What is now emerging from nutritional research labs and appearing in the marketplace is a whole new generation of supplements based on metabolic "intermediaries" rather than "supporters". Up to now, nutritional researchers have focused on improving body functions by providing nutritional supporters such as vitamins, minerals, and enzymes. Recently they have been experimenting with intermediary molecules that are directly involved in the biochemical reactions themselves. Pyruvate is an example of this new approach.
Pyruvate works primarily to enhance the transport of glucose into the muscle cell from the blood. In studies, it increased "glucose extraction" in leg endurance, 150% in perceived exer- tion, and 300% in arm endurance studies. During rest, it was found to increase muscle glycomolecule gen by 50% which should increase endurance significantly. Pyruvic acid is also directly involved in energy production in the body. Muscles contract by breaking down a high energy called ATP. Energy, as ATP, is generated when glucose breaks down in an anaerobic (without oxygen) process known as glycolysis. The end result of this process is either lactate or acetyl-CoA. Which one dominates is dependent upon the availability of oxygen. In intense exercise, the supply of oxygen is not high enough to keep up with the demands of the muscles fatigue. During lower intensity exercise, like jogging, cycling, etc., the oxygen supply can keep up with muscular demands and pyruvate turns into acetyl-CoA which then enters the mitochondria. Once there it enters an aerobic (with oxygen) process called Kreb’s Cycle which generates even more ATP than is possible with just glycolysis.
Most of the research carried out on pyruvate has been done by Dr. Ronald Stanko at the University of Pittsburgh School of Medicine. He has carried out numerous studies which demonstrate that muscular endurance, using an arm and leg ergometer test, was increased by 20% in test subjects taking pyruvate. Stanko and his colleagues also used a double-blind study to determine that after ingesting pyruvate, subjects reported a 20% decrease in the perceived exertion required for the testing procedure. Since higher levels of pyruvate leads to more efficient energy production, via the Kreb’s cycle which bums fat for fuel, Dr. Stanko began looking for use in reducing body fat. He developed some experiments at the Clinical Research Centre where he placed overweight people on a low-caloric diet (500 cal/day) with an intake of 16gm/day of pyruvate. Subjects tested showed enhanced weight loss of 16% and fat loss of 23%.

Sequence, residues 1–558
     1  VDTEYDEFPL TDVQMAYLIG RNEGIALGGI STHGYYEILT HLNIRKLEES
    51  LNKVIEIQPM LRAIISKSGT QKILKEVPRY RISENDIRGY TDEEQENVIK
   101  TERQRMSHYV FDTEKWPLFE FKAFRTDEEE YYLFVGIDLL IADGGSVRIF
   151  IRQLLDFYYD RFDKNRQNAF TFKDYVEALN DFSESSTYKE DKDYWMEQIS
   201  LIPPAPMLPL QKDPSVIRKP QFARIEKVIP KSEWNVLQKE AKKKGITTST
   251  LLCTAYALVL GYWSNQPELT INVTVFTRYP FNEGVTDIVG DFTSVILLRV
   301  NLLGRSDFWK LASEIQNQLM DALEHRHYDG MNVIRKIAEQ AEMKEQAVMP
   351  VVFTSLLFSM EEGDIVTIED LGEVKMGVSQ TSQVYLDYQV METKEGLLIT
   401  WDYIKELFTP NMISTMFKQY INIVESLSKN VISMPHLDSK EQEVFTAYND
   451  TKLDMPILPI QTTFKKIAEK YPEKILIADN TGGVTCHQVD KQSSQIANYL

Next, he gave obese women (average 2441bs.) on a l,000cal/day diet with an intake of 30gm/ day of pyruvate. Over a three week period, the subjects tested lost 131bs of weight and 91bs of fat, nearly as much as the obese people on only 16gm/day of pyruvate and a 500cal/day diet. These were test dosages, so it is important to realize that appropriate and effective dosages need to be assessed when attempting to use pyruvate as part of a long-term weight-loss program. A different group of researchers, Colker and colleagues, looked at lower dosages of pyruvate which . would be of use in the real world by average people. They put fifty-three subjects on 6gm/day in a six week double-blind study. At the end of the study, subjects taking pyruvate had an average 12% decrease in percentage body fat, 4.81bs of actual body fat, and had experienced a 2.2% increase in their basal metabolic rate. They also reported a significant increase in vitality with much less fatigue. Terry Newsome, a 38 year-old executive from Westlake, California, who has struggled with obesity for over 20 years said, "I've lost 391bs in less than 40 weeks. Other than taking 5gm/day of pyruvate, my eating and exercise habits have remained the same, yet I feel better than I ever dreamed possible. Now I can play with my 7 and 9 year-old boys for hours, where before my activity level was extremely limited.
After nearly 25 years of research, pyruvate is now available as a dietary supplement. Researchers have also discovered that as well as helping to enhance energy production in the body, it also may reduce the cellular damage caused by stress and intense exercise. Pyruvic acid is chemically unstable, so it is stabilized by forming a "salt" called pyruvate by combining it with either sodium, calcium, potassium, or magnesium. It sounds easy, but it is not a simple process and is one of the reasons it took such a long time to bring it into the marketplace. Calcium pyruvate is the most popular form of pyruvate, which is not usually a problem for most people who need calcium on a regular basis anyway. Pyruvate is found in the diet with naturally ingested amounts ranging from lOOmg to l-2gm/day in a variety of foods including certain fruits and vegetables - red apples contain 450mg - certain cheeses, etc. Published data as well as over 1,000 pages of unpublished data by a leading U.S. pharmaceutical company has revealed that the optimal dose of pyruvate is less than 5gm/day. Dr. Stanko says, "We see a linear response between 2 and 5gm/day and than the response plateaus. In another words, the response with 10 or 15gms is the same as with 5 grams." With no reported side effects from ingesting up to 50gm/day, pyruvate appears to be a safe bet to try for both weight reduction and more energy.